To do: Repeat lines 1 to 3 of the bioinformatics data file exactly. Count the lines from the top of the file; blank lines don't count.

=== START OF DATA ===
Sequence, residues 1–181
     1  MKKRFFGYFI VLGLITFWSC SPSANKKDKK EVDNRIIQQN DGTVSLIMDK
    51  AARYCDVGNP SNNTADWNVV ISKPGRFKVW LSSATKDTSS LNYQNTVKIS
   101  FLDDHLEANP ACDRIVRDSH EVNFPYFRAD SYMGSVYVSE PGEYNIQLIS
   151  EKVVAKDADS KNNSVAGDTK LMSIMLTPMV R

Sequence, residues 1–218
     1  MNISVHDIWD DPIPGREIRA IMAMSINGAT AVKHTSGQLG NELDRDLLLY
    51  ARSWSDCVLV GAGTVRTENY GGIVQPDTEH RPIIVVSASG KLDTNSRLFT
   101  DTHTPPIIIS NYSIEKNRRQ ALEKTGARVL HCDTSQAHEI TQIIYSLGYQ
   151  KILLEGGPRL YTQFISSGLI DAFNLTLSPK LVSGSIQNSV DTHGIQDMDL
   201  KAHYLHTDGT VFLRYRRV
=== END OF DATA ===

Sequence, residues 1–181
     1  MKKRFFGYFI VLGLITFWSC SPSANKKDKK EVDNRIIQQN DGTVSLIMDK
    51  AARYCDVGNP SNNTADWNVV ISKPGRFKVW LSSATKDTSS LNYQNTVKIS